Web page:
Mulberry Profits Drop Nearly 50%: Will Less Expensive Handbags Help?

The British luxury goods maker continues its search for a new CEO and creative director.
Avatar:
Dhani Mau
Author:
Publish date:
Social count:
144
The British luxury goods maker continues its search for a new CEO and creative director.
Cara Delevingne for Mulberry. Photo: Courtesy of Mulberry

Cara Delevingne for Mulberry. Photo: Courtesy of Mulberry

Mulberry, which has neither a CEO nor a creative director at present, had, unsurprisingly, a less than stellar financial year.

For the fiscal year ending March 31, the British luxury house saw profits drop nearly 50 percent to £14 ($23 million). The company said the fall was due to costs associated with new store openings and other one-off costs. The numbers were pretty much in line with analysts' expectations.

Wholesale revenue went down 6 percent, while international revenue was up 11 percent as the company opened nine new international stores. Online sales were down 11 percent.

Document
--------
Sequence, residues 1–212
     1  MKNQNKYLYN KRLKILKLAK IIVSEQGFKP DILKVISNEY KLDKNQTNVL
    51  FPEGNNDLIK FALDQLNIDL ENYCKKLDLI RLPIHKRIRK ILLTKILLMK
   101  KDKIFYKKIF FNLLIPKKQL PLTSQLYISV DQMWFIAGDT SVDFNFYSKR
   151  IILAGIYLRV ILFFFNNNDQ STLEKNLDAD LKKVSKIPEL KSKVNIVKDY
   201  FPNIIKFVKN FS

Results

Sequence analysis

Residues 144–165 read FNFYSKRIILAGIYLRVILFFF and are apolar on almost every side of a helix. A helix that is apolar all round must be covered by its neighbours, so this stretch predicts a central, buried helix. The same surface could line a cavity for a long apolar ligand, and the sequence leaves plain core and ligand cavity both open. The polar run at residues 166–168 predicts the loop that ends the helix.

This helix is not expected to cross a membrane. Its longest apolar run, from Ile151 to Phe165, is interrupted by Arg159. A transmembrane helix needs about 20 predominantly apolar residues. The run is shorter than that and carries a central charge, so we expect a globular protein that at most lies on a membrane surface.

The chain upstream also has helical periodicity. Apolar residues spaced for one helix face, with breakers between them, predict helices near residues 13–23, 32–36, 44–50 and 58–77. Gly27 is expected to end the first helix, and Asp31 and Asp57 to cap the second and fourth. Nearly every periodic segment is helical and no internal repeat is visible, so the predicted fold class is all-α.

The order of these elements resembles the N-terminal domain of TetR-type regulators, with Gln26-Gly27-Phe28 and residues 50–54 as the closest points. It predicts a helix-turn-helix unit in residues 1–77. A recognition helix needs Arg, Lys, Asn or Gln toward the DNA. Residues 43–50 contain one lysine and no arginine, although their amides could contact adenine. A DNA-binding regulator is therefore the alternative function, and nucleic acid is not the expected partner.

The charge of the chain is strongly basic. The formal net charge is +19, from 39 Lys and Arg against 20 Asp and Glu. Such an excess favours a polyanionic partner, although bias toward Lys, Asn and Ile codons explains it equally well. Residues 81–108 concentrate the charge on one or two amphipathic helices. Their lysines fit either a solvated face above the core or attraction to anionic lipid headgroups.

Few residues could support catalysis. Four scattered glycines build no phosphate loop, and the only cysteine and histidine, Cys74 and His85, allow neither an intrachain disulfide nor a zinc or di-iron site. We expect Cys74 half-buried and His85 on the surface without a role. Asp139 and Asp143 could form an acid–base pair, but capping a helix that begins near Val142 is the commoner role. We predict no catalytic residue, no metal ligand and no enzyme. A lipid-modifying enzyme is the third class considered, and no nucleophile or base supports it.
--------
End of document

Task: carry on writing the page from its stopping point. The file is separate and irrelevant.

This continues to be a time of transition for Mulberry. The past 12 months saw the departure of Creative Director Emma Hill and of CEO Bruno Guillon, the latter of whom was ousted after his strategy to introduce more expensive products failed to resonate with customers. Neither has been officially replaced. In the meantime, Executive Chairman and interim CEO Godfrey Davis has begun to fix Mulberry's pricing problem, introducing two weeks ago a set of bags priced between £500 to £800 (about $850 - $1,350 USD), which the company thinks will prove beneficial as it continues to roll out more product within this range.

So far, 500 of these bags have been sold, which is promising as the collection, dubbed Tessie, has primarily only been available in Europe and online -- it's starting to hit the U.S. and Asia now. The company expects to start seeing a noticeable improvement in the second half of this year.

But will it see a new CEO or creative director? "It's an important role and the board is aware that people are frustrated that it is taking time, but we are determined to find the right person," Davis tells Vogue UK. He adds, "Our choice of CEO will be informed by our choice of creative director, which is what the board is focused on primarily."